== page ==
Alexis de Tocqueville is best known as the author of 'Democracy
in America' and 'The Ancien Régime and the Revolution'.
Yet among his contemporaries he was also esteemed for his brilliant
investigations on social issues such as prison reform, pauperism
and the plight of abandoned children. This study explores the
intellectual and social context of these neglected yet startlingly
innovative writings and it reveals how they proved central to the
composition of those works for which Tocqueville is best known.
MICHAEL DROLET lectures in the History of Political Thought at the Department of History, Royal Holloway, University of London.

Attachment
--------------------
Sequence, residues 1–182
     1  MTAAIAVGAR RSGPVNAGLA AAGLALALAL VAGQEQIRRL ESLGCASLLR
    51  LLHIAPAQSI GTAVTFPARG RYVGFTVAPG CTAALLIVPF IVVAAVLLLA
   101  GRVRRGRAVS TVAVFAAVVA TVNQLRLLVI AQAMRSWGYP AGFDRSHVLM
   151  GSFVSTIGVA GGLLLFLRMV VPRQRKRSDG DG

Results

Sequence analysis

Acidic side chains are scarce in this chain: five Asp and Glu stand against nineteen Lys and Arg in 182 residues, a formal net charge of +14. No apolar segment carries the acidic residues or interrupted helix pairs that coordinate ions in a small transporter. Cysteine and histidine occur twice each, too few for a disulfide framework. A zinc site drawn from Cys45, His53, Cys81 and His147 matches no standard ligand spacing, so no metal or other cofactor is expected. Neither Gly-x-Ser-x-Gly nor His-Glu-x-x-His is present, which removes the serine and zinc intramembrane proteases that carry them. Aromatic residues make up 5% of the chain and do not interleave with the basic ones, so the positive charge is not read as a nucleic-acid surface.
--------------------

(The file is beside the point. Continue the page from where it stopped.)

List of Abbreviations Introduction PART I: SOCIETY, ECONOMY AND DEMOCRACY The American Journey and Tocqueville's Intellectual Awakening Embracing Liberal Political Economy and then Rejecting it: Tocqueville's Reading of Say and Malthus Equality, Liberty and the Problem of Self interest: Democracy in America (1835) Legitimism and Political Economy: The Influence of Villeneuve Bargemont PART II: DEMOCRACY AND SOCIAL REFORM Tocqueville and Beaumont on Prison Reform The Investigations into the Causes of Poverty and the Ways to Remedy it The Investiagions into Abandoned Children PART III: DEMOCRACY AND REVOLUTION Democracy and the Threats to Liberty: Democracy in America (1840) Administrative Centralisation and the Threats to Liberty: The Composition of The Ancien Regime and the Revolution Conclusion Notes Bibliography Index